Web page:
The developing literature on relationship marketing might have contributed to this renewed emphasis.Somaiya Institute Of Management Studies & Research from telling and selling. Next. As we discuss below. grant the notion of relationship marketing at least with the role of keeping managers focused on a long-term customer orientation.K. In essence. A further issue is the similarity in the terminology used in the literatures discussing the theoretical bases of relationship marketing and the brand.g.g. However. from last-in-line function to corporate-credibility champion.J.g. However. 1997). to a longer term relational approach to brand marketing (e. we analyze similarities between the conceptual antecedents (motivations) and consequences (advantages) of relationship marketing and the essence of the brand as emerging from the general branding Research Paper Page 23 . and from a short-term transactional. relationship marketing would be equivalent to doing all the things expected of branding (e. one interpretation of this similarity would be the redundancy between the two concepts. In practice. Consistent with Petrof (1997). 1996). between the two literature streams. rather than redundancy. etc. Moreover. Peppers and Rogers. 1995). which is the focus of the relational definition of marketing.). advances in IT and the consequent emergence of direct marketing and Internet shopping have prompted even mass marketing companies to seek the development of distinctive 'relationships' with individual consumers (e. the concept of the brand has evolved. Copulsky and Wolf.g. 1995. Gringos. others have objected to the notion of relationship marketing as a 'paradigm shift (e. Gringos (1990b) makes a distinction between how to develop and execute good marketing performance. As a result of the recent 'rediscovery' of relationship marketing and the conceptual and practical issues just discussed. however. 1990. 1990b. the extent to which real mutual Relationship between organizations and their customers are created is questionable (e.g. which is the focus of the traditional marketing notion. A slightly less reductionist view would. simplifying decision making. Fournier. we consider it more appropriate to think in terms of convergence. Iacobucci and Ostrom. 1998). 1990a. In contrast. to communicating and sharing knowledge. Petrof. and what decisions to make to do marketing. Dobscha and Mick. noting that satisfying and keeping customers has always been the core of the marketing concept. reducing risk. with an increased emphasis on relational aspects. the first aim of this paper is to examine the appropriateness of the 'relationship marketing' notion and the main criteria for its applicability in various contexts.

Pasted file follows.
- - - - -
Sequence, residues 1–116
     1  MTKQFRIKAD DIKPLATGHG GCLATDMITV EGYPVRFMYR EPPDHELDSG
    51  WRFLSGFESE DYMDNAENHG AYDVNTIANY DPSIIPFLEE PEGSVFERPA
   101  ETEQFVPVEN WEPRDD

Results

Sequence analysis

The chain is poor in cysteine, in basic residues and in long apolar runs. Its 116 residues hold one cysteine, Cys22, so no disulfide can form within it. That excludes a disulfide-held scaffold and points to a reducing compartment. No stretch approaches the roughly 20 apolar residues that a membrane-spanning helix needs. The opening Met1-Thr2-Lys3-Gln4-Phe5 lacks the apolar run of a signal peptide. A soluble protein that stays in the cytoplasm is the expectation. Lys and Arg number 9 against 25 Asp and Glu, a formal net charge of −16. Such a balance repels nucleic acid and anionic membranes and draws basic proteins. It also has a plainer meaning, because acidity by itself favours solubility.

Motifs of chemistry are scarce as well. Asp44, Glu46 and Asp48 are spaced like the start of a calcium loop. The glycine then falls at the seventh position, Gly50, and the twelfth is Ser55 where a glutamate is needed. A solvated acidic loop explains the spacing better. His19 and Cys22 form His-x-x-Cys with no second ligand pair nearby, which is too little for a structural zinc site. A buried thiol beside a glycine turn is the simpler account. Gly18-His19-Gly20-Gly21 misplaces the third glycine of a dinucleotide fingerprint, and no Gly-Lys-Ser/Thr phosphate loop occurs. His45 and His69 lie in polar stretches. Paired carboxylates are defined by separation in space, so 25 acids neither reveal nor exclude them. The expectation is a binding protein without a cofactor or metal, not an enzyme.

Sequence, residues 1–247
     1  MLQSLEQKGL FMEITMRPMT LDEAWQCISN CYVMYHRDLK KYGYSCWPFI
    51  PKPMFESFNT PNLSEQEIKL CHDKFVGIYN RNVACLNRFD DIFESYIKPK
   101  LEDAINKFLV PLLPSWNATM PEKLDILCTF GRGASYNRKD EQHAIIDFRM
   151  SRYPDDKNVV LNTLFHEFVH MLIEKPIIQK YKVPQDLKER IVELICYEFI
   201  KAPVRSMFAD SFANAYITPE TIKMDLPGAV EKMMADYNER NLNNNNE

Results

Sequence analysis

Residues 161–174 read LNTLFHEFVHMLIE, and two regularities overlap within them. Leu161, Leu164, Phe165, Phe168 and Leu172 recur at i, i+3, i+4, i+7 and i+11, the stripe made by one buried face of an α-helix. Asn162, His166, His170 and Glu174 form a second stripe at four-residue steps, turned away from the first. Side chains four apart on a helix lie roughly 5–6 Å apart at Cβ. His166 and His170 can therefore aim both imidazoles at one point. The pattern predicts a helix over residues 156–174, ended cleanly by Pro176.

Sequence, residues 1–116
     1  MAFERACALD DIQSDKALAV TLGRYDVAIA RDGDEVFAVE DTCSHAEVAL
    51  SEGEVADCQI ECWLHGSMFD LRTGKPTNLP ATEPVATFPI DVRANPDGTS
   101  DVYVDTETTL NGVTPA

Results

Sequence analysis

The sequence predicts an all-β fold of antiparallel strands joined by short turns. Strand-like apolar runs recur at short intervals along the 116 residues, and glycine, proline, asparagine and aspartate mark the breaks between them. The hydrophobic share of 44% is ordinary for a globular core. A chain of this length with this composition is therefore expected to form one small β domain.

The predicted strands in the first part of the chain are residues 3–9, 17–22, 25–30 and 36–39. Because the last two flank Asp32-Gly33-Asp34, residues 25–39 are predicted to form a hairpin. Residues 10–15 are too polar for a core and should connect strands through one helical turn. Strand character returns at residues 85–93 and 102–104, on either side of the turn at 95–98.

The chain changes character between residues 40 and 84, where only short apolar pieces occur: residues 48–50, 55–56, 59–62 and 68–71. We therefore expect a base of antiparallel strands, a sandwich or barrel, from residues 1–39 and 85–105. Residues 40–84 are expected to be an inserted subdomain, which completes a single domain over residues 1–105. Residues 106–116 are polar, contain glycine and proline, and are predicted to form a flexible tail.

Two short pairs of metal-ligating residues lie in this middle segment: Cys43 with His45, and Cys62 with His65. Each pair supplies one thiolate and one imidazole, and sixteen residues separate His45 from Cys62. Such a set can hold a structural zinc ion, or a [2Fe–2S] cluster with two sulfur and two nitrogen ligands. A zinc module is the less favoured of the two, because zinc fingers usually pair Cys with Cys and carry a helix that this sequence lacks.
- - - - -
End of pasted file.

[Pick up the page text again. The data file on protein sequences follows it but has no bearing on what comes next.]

we would like to stress that such synergies are not exclusive to services and may apply to both goods and services. Shostack.g. Finally. the crucial point for the applicability of relationship marketing is not so much the distinction between goods and services. From these experts' opinions and the literature. Faust and Eilertson. Future research will test these propositions from the perspectives of other stakeholders in the branding process. Branding health services: Defining you in the marketplace: The author begins by saying thatFinancial managers think that branding is the proprietary domain of the marketing managers . and the benefits from engaging in relationship marketing might be more pertinent for some services. The author also introduces a segmentation map through which he tries to gauge whether why a particular customer is more Research Paper Page 24 . The author tries to bring out the history of brands and tries To apply the concepts to healthcare industry. starting with the relationship between the organization and the employee providing the service. 1995). As we discuss.K. such as professional advisers. such as managers and consumers. with the aim of advancing the understanding of effective services branding. As we later discuss.Somaiya Institute Of Management Studies & Research literature. However. we expand the notions emerging front the literature by examining the perspectives of twenty leading-edge brand consultants. Author discusses a very important concept called the brand pyramid wherein he discusses the various levels of customer interaction with the brand to the level where they start having a bond with each other. and coming alive in the interaction between the customer and the service provider. Our focus is on consumer services branding mainly as an area which many authors have identified as under researched (e. Turley and Moore. a further motivation for focusing on services is that the opportunity for. 1977. We then focus on services and elaborate on potential synergies between branding and relationship marketing. we suggest that the service brand is a holistic process. 1994. Theoretical similarities between the concept of the brand and the notion of relationship marketing as risk reducers. simplifiers of choice and guarantees of quality emerge from this analysis.J. They understand the power of a brand but they are not necessarily familiar with the branding strategies.